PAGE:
The record shows that the Regional Office accepted Cook's
representation that he did not receive the DHO decision until
October 17, 2003. However, Cook's administrative appeal was rejected as untimely because the Regional Office did not receive
the appeal within 20 days after October 17, 2003, not July 31,
2003 when the decision was actually prepared. Thus, Cook's claim
that there was a delay to frustrate appeal is baseless.
Furthermore, this Court finds no prejudice to Cook from the
delay with respect to the inability to call witnesses because
Cook has never identified any witnesses and had previously stated
there were no witnesses to the alleged prohibited conduct of May
14, 2003. Therefore, this ground for habeas relief is denied as
2. There Was Sufficient Evidence to Support the Charge
The Supreme Court has held that procedural due process is not
satisfied "unless the findings of the prison disciplinary board
are supported by some evidence in the record." Superintendent v.
Hill, 472 U.S. 445, 454-55 (1985); Young v. Kann,
926 F.2d 1396, 1402-03 (3d Cir. 1991). The Supreme Court has stated:
Prison disciplinary proceedings take place in a
highly charged atmosphere, and prison administrators
must often act swiftly on the basis of evidence that
might be insufficient in less exigent circumstances.
The fundamental fairness guaranteed by the Due
Process Clause does not require courts to set aside
decisions of prison administrators that have some
basis in fact. Revocation of good time credits is not
comparable to a criminal conviction, and neither the
amount of evidence necessary to support such a
conviction, nor any other standard greater than some
evidence applies in this context. Hill, 472 U.S. at 456 (internal citations omitted).
Moreover, the Court stated: "The Federal Constitution
does not require evidence that logically precludes
any conclusion but the one reached by the
disciplinary board. Instead, due process in this
context requires only that there be some evidence to
support the findings made in the disciplinary
hearing." Id. at 457.
Here, there is sufficient evidence noted by the DHO in reaching
his determination. The DHO's Report demonstrates that, after an
investigation and the DHO's consideration of all the relevant
evidence, the DHO found that the greater weight of evidence
supported a finding that Cook did commit the prohibited act in
violation of Code 297. This evidence included petitioner's
admission that he made the third party call. It also included the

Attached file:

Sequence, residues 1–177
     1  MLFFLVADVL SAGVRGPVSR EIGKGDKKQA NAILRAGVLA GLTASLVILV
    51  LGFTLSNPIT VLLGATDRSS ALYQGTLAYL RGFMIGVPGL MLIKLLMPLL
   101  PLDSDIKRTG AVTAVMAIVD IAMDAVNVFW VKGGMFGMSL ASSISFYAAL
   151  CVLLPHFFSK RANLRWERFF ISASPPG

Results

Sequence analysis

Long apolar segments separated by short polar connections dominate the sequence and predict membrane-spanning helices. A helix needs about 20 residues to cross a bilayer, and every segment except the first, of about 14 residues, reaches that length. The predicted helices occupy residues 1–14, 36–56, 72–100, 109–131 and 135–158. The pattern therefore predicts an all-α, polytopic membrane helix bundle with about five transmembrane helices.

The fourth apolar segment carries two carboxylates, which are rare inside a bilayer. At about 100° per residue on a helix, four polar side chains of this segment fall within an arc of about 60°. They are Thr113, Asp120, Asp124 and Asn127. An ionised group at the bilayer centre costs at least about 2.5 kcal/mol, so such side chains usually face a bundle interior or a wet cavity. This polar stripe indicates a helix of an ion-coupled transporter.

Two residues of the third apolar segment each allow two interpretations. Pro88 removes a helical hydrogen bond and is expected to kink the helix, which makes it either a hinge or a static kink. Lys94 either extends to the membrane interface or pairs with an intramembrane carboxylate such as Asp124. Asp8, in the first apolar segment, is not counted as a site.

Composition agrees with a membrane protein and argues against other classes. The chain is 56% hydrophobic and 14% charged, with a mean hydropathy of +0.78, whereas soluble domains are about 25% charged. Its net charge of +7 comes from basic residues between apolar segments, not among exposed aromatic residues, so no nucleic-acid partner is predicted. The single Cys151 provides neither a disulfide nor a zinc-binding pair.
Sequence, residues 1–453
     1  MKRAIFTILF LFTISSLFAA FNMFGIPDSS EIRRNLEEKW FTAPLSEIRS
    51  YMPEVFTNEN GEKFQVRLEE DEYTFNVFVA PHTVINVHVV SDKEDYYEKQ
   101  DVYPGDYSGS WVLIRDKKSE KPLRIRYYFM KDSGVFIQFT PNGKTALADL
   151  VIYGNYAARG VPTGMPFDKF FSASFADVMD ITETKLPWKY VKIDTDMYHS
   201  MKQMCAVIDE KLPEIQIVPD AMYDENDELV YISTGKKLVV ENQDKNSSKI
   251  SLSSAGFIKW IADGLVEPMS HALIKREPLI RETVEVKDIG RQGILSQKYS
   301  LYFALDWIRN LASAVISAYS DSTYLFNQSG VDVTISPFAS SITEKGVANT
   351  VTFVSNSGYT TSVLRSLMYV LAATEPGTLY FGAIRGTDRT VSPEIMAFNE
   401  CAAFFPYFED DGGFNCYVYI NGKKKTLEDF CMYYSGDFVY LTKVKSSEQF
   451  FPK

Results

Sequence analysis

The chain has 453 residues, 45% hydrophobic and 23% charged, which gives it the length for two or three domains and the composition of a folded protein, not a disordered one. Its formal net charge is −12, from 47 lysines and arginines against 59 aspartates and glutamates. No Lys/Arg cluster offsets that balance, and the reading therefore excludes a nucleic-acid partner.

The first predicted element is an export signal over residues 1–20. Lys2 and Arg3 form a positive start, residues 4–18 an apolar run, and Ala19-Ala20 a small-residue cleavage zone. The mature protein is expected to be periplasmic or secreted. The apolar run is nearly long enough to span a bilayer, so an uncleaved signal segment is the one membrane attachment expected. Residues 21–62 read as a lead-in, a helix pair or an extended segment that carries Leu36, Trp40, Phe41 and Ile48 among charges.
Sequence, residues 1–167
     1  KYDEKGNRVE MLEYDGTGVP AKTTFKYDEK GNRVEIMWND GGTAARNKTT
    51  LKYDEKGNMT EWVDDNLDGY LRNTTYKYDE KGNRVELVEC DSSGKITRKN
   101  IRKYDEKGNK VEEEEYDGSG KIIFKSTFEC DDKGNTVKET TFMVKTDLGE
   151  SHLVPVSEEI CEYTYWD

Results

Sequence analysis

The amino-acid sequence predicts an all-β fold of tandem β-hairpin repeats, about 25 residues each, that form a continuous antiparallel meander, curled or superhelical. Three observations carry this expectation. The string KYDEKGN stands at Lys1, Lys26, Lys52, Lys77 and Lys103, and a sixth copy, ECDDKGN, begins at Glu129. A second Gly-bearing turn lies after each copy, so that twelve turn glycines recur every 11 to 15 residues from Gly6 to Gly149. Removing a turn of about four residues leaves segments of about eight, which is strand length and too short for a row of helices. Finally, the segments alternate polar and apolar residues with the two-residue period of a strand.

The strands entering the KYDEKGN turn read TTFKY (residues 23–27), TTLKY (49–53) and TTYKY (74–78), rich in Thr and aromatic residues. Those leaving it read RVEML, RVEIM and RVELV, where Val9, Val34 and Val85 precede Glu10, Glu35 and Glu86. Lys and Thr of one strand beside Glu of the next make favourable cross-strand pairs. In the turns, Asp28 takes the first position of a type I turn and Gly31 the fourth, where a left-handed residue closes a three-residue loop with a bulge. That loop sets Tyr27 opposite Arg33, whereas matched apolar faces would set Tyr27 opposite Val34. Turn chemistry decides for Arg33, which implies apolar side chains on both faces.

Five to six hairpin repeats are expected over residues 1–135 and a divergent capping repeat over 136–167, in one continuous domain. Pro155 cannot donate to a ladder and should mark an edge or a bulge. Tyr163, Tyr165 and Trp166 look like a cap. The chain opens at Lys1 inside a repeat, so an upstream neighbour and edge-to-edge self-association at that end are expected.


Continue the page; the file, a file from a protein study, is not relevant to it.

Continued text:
FCI Fort Dix Handbook, the FDC Philadelphia handbook, and the
signed acknowledgment of receipt form, which showed that Cook did
have actual notice that such three way calls were prohibited acts
in federal prison facilities.
Therefore, based upon this evidence as relied upon by the DHO,
the Court finds that Cook's right to due process was not violated
by the determination of the DHO. The procedures enunciated in
Wolff, supra, were complied with, and there was "some
evidence", in accordance with Hill, supra, to support the
DHO's finding of guilt. 3. Code 297 Was Not Unconstitutionally Vague
"It is a basic principle of due process that a law is void for
vagueness if its prohibitions are not clearly defined." Grayned
v. City of Rockford, 408 U.S. 104, 108 (1972). In the context of
prison regulations, "[d]ue process undoubtedly requires certain
minimal standards of specificity in prison regulations, but we
reject the view that the degree of specificity required of such
regulations is as strict in every instance as that required of
ordinary criminal sanctions." Meyers v. Aldredge, 492 F.2d 296,
310 (3d Cir. 1974). Thus, "vagueness principles must be applied
in light of the legitimate needs of prison administration." Id.
at 311. Because "legalistic wrangling" over the meaning of prison
rules "may visibly undermine the [prison] administration's
position of total authority," federal courts have deferred to the
interpretation of those rules by prison authorities "unless fair
notice was clearly lacking." Hadden v. Howard, 713 F.2d 1003,
1008 (3d Cir. 1983) (quoting Meyers, 492 F.2d at 311).
Here, Code 297 prohibits telephone activities constituting
"third-party calling". 28 C.F.R. § 541.13 Table 3. In the
circumstances presented here, there can be no doubt that the
language of Code 297 and § 541.13 are sufficient to provide "fair notice," to an inmate that third party calls are
prohibited.*fn2 Cook is not entitled to relief on his
Based upon the foregoing, Cook's petition for a writ of habeas
corpus, pursuant to 28 U.S.C. § 2241, will be denied for lack of
merit. Furthermore, because the Court has determined that the §
2241 petition is without merit, petitioner's motion for discovery
will be dismissed as moot. An appropriate Order accompanies this